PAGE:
GREENVILLE, S.C. – South Carolina ranks near the bottom of lists for venture capital raised and in terms of a high-tech economy. But the state’s leaders in business and government are seeking to change that.

On Tuesday and Wednesday, many of S.C.’s best and brightest will gather in Greenville for the annual InnoVenture conference to showcase their efforts and seek to build upon those.

John Warner, a venture capitalist based in Greenville and one of the state’s strongest advocates for an innovation-based economy, is outspoken in his defense of South Carolina’s attempts to evolve its economy.

“South Carolina is making tremendous progress,” said Warner, who directs InnoVenture. He then noted a number of steps being taken.

“We’re putting $60 million annually into endowed research chairs to recruit preeminent scholars in areas strategic to industry,” he said.

“The keynote of InnoVenture will be a panel discussion of BMW, Michelin, Timken Clemson, and the State of SC about why they have partnered to invest $215 million to create the International Center for Automotive Research, which is anchored by four endowed research chairs.

“Recently the S.C. Venture Capital Authority invested $50 million in four venture capital firms to pull more capital into the state. Each of those firms will be at InnoVenture.”
There’s more, he adds.

“SC Launch! was itself recently launched to provide seed capital to start-ups. There has been growth in local initiatives, from NEXT in Greenville, to Engenuity in Columbia, to ThinkTEC in Charleston, to statewide programs, like New Carolina and SC BIO.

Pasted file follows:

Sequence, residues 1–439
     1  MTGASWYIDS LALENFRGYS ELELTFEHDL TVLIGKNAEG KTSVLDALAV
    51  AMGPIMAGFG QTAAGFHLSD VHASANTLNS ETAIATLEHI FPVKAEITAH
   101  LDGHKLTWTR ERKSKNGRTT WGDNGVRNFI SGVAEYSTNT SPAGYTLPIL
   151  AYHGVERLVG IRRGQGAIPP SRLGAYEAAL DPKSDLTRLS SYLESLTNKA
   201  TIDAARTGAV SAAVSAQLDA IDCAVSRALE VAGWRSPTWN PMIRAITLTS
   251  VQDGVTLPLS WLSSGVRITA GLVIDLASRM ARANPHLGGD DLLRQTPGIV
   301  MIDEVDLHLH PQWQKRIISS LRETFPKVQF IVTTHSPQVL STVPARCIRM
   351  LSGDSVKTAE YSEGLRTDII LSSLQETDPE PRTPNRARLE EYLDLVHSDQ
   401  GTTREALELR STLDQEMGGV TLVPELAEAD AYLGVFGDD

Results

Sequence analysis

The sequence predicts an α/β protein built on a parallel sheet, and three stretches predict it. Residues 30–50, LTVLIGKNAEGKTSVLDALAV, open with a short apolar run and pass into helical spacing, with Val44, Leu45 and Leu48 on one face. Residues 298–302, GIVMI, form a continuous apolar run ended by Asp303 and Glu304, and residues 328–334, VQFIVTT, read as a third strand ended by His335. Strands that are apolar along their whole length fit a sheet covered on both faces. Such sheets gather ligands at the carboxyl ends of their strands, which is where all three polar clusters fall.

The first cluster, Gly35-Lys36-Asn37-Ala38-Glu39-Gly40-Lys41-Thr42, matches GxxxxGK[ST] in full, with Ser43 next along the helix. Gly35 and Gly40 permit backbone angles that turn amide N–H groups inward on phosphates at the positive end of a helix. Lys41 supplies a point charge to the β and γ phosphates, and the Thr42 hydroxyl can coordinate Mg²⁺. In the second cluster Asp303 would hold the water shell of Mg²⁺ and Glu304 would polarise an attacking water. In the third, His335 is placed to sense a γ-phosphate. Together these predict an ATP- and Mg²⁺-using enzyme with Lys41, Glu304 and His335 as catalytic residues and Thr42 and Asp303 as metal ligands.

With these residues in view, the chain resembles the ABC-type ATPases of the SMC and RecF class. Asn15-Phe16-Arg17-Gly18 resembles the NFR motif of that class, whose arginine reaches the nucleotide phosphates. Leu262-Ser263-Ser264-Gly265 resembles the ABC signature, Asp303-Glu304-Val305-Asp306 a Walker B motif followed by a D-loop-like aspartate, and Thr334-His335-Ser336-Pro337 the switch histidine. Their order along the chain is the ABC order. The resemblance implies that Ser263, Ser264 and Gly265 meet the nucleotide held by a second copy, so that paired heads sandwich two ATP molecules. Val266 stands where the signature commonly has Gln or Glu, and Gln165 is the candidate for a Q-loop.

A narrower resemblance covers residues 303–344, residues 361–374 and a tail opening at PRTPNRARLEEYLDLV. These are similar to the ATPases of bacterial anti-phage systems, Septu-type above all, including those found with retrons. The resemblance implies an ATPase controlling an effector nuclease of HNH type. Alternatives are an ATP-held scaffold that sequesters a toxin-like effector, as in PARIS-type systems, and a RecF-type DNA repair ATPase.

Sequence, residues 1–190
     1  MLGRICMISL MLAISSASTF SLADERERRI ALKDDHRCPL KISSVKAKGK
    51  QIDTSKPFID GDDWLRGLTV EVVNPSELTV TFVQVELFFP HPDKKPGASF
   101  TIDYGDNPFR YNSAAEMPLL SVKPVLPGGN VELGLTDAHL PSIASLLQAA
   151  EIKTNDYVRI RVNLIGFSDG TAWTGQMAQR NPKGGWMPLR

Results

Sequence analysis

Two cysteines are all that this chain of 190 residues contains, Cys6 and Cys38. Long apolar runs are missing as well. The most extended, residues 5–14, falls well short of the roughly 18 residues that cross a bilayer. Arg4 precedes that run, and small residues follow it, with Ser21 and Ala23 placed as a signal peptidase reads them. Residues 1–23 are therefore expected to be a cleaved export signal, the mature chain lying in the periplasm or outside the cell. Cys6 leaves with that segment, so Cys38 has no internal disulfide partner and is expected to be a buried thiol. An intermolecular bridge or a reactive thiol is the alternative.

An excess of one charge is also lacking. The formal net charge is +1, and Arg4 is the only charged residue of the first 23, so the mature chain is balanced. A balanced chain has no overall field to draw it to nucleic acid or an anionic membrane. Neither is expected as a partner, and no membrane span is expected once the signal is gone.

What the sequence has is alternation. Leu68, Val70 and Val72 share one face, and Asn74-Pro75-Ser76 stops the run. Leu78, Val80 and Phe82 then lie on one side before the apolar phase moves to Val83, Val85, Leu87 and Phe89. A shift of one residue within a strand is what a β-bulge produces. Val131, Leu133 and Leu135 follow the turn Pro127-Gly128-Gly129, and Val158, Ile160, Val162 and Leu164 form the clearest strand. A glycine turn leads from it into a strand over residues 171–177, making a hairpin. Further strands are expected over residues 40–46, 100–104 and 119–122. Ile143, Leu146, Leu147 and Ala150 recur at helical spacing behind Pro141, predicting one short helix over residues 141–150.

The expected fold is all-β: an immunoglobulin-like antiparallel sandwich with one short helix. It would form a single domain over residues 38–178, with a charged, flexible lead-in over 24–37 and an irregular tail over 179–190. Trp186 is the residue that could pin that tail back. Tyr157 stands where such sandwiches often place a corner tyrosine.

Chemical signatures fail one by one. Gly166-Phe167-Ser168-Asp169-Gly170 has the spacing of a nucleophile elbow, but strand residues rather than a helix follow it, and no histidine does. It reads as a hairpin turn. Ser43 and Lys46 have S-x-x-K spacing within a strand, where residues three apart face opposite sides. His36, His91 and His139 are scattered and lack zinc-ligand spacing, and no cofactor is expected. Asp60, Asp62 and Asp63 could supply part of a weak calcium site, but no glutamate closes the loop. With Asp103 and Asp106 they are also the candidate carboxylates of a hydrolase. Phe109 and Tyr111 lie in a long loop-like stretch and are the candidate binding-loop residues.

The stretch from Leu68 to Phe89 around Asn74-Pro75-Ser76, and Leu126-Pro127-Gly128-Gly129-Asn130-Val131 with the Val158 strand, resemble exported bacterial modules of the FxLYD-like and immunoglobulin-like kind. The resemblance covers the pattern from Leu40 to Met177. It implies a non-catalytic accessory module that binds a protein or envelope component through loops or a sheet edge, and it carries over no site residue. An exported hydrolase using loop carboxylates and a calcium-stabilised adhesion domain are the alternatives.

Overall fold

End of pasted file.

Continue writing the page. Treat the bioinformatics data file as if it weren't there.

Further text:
“Even more exciting, South Carolina is a part of the entire southeast becoming connected into a globally competitive community of innovation. Half of those at InnoVenture are from the SC Upstate, but the other half primarily from elsewhere in the Carolinas, Georgia and Tennessee.”

Warner, who writes a blog about innovation called The Swap Fox, is also concerned about more than South Carolina. He wants innovation across what he calls the “Southeastern Innovation Corridor” that includes the Carolinas, Georgia and Tennessee.

“It’s not just S.C.’s economy,” when asked about who benefits from InnoVenture, “but a regional economy that we need to develop. Twenty million people live within a day’s drive of one another in the Carolinas and Georgia. To put 20 million people in perspective, there are 22 provinces in China larger than that.

“We need work together to build stronger relationships among the most talented people in the region who can make us all more globally competitive. Fortunately we have 12 research universities and a deep base of global corporations as anchors around which we can build globally distinctive communities of innovation. Relationships that can lead to being more globally competitive are being made at InnoVenture.”